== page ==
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Warren County Historical Society Presents …
The Digital Version “REWIND”
Jeffrey Cowper, Queensbury’s First Permanent White Resident
Jeffrey Cowper was the first permanent white inhabitant of what would become the Town of Queensbury. He resided in the temporary Block House at the Halfway Brook, located in the area of today’s Enterprise Car Rental across from Price Chopper’s location on Upper Glen Street (Route 9)
While little is known of Mr. Cowper, we do know that as a young man he was a sailor. Early records indicate that he was a second lieutenant on the ship, Snow Cicero. Ephraim Cook, the owner of that vessel, stated that in the event of his death, he would like the command of the ship passed to Richard Harris (his 1st Lieutenant) and Jeffrey Cowper.
This would be similar to the Snow Cicero on which Jeffrey Cowper served before coming to Warren County.
At one point, Mr. Cowper successfully operated an inn at Fort George, which gave him reason to operate other such establishments. Sir Jeffrey Amherst gave permission “to occupy the small post at Half-way brook between Fort Edward and Lake George.” Mr. Cowper was probably a dependent, possibly even a relative of Lord Amherst, perhaps giving him an edge on living at the Blockhouse.
According to a proclamation by Honorable James DeLancy, Esq., the King’s Lieutenant Governor and Commander-in-chief in and over the province of New York and the territories depending thereon in America, settlers were invited to settle in the area between Lake George and Fort Edward once the fort at Crown Point was well under way.
In DeLancy’s proclamation, dated 21 September 1759, it states:
“…as an encouragement to Settlers, he (Major General Amherst) has desired I would make known, that those who with the leave of this Government shall now choose to go and settle between Lake George and Fort Edward, will there find, three Several Spots of cleared Ground, two of them capable of containing half a dozen Families each, and the other (Halfway Brook) not less than twelve; on which shall be left standing for their Convenience the Wooden Hutts and Coverings of the Troops that have been posted there since the beginning of the Campaign, which from the footing we have now at Crown Point, will be no longer necessary, and will be evacuated and left for the use of those who shall become Settlers.”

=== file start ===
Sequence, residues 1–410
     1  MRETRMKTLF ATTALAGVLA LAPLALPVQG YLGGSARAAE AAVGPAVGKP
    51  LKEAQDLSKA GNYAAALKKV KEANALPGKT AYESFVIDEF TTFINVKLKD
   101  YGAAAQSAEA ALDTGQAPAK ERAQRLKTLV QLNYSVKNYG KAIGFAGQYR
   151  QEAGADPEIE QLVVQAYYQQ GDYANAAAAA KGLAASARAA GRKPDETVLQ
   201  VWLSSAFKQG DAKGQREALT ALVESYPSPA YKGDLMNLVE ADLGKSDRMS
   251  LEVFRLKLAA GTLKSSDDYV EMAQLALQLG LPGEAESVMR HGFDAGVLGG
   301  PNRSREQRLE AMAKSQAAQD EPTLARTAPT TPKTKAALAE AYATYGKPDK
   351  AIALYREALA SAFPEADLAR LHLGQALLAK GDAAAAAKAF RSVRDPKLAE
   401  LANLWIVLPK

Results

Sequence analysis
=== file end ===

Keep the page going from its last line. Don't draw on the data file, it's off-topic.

In a letter to a Mr. Sharp, dated 20th October, 1762, Sir Jeffrey Amherst wrote the following:
The permit to Jeffrey Cooper (sic) to occupy the small Post at Half-way Brook between Fort Edward and Lake George was only intended for the preservation of the barracks, etc., that had been erected there, and for the conveniency of Passengers, as I judged it unnecessary after the reduction of Canada, to leave a Garrison at that Post.
Whereas W. Jeffery Cooper has established an Inn at Fort George, for the Convenience of Passengers, which I am Informed proves usefull (sic) and commodious to all Travellers passing that way, and that he has requested my leave to continue there for carrying on his occupation, I do, in consideration of the good character given me of him, not only permit him to continue at that Post, in the aforesaid station of an Innholder, but I likewise permit him, either thro’ himself, or other proper Persons, on whose good, sober, (???), to carry on the same business of an Innholder at the Halfway brook, which I have for that purpose this day made over to him.
By His Excellency Jeffery Amherst, Esq
Jeffery Amherst – he spelled his first name this way.
The proclamation goes on to say that as long as Cooper (Cowper) and the people working for him “…remain sober, discrete, and do not sell spirits to the soldiers, they will continue to enjoy the privileges granted them.”
In a Rewind column written about Blind Rock, John Strough offers the following insight on Jeffrey Cowper:
“After the fort (Fort Edward), the next and perhaps last outpost of civilization they would encounter would be Geoffrey (or Jeffrey) Cowper’s trading post, located at the intersection of the Halfway Brook and the Military Road. After selling the northern traveler a few vital provisions, I am sure Geoffrey Cowper would offer his customary warning, ‘Beware near the top of the hill just yonder, at the cross trails, near Blind Rock, it is a known place of ambush, frequented by thieves and others.’ Thanking him, the traveler proceeded northward. Past the swamp and nearing the crest of the hill, the now wary traveler, heard a rustling sound up ahead. “Was it the wind or the ambushers?” the traveler pondered. Just to be safe, the traveler decided to bury his bag of gold coins aside the Military Road. If the sound were just the wind, he would return to retrieve his money. Cautiously, he proceeded closer to the crest of the hill. If it was not the wind that made that rustling sound, he would never return to retrieve his coins!”
Early Map of Queensbury.
Article prepared by Marilyn Van Dyke and Stan Cianfarano for the Warren County Historical Society.
© March 1 2015, Warren County Historical Society.